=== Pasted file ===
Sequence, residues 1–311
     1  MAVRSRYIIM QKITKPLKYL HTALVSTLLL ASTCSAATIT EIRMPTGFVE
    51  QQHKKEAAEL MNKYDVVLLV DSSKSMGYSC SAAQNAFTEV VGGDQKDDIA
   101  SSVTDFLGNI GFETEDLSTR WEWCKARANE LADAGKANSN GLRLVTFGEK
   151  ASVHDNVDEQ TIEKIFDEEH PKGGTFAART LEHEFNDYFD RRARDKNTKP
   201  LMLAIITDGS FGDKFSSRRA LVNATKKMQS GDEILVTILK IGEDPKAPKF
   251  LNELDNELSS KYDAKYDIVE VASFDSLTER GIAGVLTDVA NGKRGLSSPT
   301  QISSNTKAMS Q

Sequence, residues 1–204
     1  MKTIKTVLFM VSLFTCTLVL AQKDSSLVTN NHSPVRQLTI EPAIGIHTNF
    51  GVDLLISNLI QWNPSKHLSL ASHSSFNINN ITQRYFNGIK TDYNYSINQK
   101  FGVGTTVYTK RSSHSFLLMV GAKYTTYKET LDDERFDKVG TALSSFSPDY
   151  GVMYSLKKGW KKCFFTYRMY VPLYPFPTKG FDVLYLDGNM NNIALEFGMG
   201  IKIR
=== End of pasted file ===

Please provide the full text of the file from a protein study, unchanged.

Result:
Sequence, residues 1–311
     1  MAVRSRYIIM QKITKPLKYL HTALVSTLLL ASTCSAATIT EIRMPTGFVE
    51  QQHKKEAAEL MNKYDVVLLV DSSKSMGYSC SAAQNAFTEV VGGDQKDDIA
   101  SSVTDFLGNI GFETEDLSTR WEWCKARANE LADAGKANSN GLRLVTFGEK
   151  ASVHDNVDEQ TIEKIFDEEH PKGGTFAART LEHEFNDYFD RRARDKNTKP
   201  LMLAIITDGS FGDKFSSRRA LVNATKKMQS GDEILVTILK IGEDPKAPKF
   251  LNELDNELSS KYDAKYDIVE VASFDSLTER GIAGVLTDVA NGKRGLSSPT
   301  QISSNTKAMS Q

Sequence, residues 1–204
     1  MKTIKTVLFM VSLFTCTLVL AQKDSSLVTN NHSPVRQLTI EPAIGIHTNF
    51  GVDLLISNLI QWNPSKHLSL ASHSSFNINN ITQRYFNGIK TDYNYSINQK
   101  FGVGTTVYTK RSSHSFLLMV GAKYTTYKET LDDERFDKVG TALSSFSPDY
   151  GVMYSLKKGW KKCFFTYRMY VPLYPFPTKG FDVLYLDGNM NNIALEFGMG
   201  IKIR